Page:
that Shelton's death was a homicide, due to asphyxiation by compression
caused by the guard sitting on Shelton's back while he lay face-down,
Gorcyca said Shelton died of asphyxiation complicated by drug use and an
enlarged heart. “Mr. Shelton's own actions killed him,” stated Gorcyca.
“It wasn't anything the security guards did.”
Gorcyca claimed he considered the accounts of four
witnesses before he decided not to prosecute. He discounted the testimony
of firefighter Sylvester Foote, who assisted the security guards by
pinning down Shelton's arms. Foote said he heard Shelton say, “I can't
breathe” while guard Jason Clover sat on Shelton's back. Clover, 21
years old and 377 pounds, weighed over 100 pounds more than Shelton, who
weighed about 260 pounds. Contradicting Foote's account, Gorcyca claimed
witnesses told him Clover sat on Shelton's thighs, not his back. He stated
Shelton died from his overweight belly blocking his air passage, and not
the action of the guards. Under questioning, Gorcyca admitted that none of
the other witnesses were close enough to hear Shelton except Foote, the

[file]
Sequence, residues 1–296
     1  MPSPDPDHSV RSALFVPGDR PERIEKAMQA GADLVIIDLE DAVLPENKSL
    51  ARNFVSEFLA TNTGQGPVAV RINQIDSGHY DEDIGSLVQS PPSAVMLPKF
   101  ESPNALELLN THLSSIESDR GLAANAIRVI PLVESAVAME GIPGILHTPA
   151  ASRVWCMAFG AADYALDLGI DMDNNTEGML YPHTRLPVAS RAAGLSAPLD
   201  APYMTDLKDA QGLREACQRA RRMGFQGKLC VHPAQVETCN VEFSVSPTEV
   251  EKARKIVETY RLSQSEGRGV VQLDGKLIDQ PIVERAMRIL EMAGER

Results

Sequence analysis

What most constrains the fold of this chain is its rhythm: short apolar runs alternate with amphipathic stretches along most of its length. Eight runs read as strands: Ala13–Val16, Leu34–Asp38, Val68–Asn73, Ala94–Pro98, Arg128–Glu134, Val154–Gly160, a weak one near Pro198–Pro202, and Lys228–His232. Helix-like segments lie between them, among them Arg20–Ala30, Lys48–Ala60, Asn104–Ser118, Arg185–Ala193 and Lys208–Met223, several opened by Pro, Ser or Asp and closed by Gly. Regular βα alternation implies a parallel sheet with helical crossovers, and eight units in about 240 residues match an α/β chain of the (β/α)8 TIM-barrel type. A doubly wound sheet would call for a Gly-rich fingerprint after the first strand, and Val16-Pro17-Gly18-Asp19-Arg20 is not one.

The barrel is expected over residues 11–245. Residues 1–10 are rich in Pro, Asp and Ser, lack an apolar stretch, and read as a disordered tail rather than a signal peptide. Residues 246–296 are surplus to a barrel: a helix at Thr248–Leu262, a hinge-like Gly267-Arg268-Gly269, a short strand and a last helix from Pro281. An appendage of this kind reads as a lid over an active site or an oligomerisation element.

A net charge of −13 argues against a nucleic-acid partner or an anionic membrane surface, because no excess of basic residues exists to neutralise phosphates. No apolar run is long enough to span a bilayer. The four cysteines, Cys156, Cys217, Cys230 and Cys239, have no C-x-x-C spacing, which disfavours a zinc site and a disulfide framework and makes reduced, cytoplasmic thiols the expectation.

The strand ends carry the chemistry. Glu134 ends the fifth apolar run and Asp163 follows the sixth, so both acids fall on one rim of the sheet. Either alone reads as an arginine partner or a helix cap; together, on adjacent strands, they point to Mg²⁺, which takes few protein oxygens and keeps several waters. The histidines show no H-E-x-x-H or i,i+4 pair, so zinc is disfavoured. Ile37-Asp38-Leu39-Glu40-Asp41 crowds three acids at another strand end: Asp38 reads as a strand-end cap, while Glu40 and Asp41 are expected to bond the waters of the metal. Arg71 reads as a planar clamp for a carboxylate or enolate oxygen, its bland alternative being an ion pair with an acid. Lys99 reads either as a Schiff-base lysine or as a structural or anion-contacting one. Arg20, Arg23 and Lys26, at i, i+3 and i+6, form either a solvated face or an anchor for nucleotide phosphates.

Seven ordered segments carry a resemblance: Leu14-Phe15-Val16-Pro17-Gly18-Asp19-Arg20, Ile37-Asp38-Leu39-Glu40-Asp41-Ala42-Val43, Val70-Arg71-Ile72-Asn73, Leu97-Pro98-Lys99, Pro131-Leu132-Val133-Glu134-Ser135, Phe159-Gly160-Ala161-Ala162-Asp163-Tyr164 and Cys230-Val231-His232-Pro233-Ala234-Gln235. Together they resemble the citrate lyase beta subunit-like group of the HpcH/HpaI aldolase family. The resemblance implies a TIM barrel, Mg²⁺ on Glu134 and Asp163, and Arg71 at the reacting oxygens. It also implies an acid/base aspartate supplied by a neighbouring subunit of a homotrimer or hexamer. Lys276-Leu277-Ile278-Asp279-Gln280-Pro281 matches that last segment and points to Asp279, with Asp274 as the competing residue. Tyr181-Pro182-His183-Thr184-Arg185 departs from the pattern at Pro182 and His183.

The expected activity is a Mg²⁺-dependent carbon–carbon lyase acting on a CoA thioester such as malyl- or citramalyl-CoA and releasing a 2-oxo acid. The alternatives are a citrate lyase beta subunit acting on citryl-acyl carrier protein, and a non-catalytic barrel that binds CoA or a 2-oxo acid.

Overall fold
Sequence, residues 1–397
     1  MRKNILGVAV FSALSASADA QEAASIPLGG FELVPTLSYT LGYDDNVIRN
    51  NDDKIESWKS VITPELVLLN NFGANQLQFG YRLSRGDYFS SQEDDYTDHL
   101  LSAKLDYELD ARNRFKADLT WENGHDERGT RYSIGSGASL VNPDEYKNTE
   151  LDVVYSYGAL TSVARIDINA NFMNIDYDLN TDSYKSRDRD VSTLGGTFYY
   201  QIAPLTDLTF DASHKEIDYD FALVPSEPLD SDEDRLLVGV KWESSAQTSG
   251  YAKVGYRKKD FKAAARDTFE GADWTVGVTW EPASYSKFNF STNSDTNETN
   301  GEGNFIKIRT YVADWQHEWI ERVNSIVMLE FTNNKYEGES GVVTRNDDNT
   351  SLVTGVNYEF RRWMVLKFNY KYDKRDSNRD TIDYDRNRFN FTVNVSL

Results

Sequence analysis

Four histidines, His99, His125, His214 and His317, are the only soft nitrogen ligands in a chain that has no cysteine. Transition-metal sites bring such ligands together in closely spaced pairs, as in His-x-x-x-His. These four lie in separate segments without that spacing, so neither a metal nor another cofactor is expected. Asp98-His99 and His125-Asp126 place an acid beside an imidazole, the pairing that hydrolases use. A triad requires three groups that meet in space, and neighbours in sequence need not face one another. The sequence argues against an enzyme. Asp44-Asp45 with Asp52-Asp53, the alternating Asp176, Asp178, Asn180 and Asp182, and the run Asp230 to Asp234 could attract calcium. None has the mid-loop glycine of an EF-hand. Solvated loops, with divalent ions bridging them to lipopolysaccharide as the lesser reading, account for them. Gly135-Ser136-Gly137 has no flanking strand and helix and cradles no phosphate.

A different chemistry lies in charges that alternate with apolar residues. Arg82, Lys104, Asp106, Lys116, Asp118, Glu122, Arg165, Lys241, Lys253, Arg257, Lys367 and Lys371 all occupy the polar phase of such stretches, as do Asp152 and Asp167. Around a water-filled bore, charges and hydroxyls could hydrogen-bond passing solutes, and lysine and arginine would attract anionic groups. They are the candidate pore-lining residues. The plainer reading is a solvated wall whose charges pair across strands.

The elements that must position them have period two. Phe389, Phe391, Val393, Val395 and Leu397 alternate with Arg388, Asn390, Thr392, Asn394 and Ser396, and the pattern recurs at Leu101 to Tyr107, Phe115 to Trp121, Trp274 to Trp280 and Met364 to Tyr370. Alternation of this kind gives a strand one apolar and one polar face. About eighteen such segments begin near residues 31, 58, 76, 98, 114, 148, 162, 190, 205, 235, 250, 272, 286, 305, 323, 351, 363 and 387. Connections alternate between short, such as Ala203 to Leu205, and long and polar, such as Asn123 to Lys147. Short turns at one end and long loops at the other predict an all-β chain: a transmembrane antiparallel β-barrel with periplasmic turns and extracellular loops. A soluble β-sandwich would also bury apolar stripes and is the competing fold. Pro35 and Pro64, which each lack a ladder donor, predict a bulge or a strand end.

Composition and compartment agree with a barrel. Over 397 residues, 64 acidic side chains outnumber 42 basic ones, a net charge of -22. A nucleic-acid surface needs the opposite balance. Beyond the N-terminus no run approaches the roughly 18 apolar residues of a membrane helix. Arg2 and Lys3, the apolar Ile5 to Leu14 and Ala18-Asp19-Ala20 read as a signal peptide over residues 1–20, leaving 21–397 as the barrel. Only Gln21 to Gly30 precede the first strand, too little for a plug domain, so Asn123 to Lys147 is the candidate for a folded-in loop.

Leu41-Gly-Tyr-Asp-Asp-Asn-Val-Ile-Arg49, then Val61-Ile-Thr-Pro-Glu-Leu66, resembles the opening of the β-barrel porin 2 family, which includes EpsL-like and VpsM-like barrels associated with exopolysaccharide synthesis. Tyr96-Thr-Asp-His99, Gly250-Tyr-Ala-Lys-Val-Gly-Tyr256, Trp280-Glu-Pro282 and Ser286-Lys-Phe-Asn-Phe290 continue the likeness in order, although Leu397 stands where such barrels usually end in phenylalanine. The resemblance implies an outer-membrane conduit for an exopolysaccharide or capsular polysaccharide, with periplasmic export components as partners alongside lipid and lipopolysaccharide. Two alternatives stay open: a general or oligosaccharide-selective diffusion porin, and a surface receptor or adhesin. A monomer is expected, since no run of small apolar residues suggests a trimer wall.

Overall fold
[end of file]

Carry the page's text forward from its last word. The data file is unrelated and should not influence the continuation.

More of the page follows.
two guards and another company employee.
Another witness not cited by Gorcyca was Joanette Quinn,
a customer at the store who described in vivid detail the aggressive
behavior of the security guards. At an earlier press conference, Quinn
said that the guards knew Shelton and were waiting for him to advance
toward the door so that they could attack him. Quinn said Shelton cowed
before the two guards who choked him and then pulled his legs from under
him so that the back of his head hit the floor. She said the heavier guard
then sat on him for 10 minutes before the police came and noticed that he
The continued trend of violence by security guards has
led several Michigan state legislators, Democrat and Republican, to call
for the training of security guards in procedures for the arrest and
detention of suspected shoplifters. These same politicians have often been
the proponents of the “tough on crime” policy that has promoted a
climate that dehumanizes the poor, especially those involved in petty or
nonviolent crimes such as shoplifting.
The brutality exemplified by the security guards
involved in these attacks has been shaped by years of right-wing
propaganda that says that criminals are responsible for crime, and that
the solution is to lock up more and more people.
(Editor's Note: for another point
of view on the
Detroit Shoplifter Lawsuit,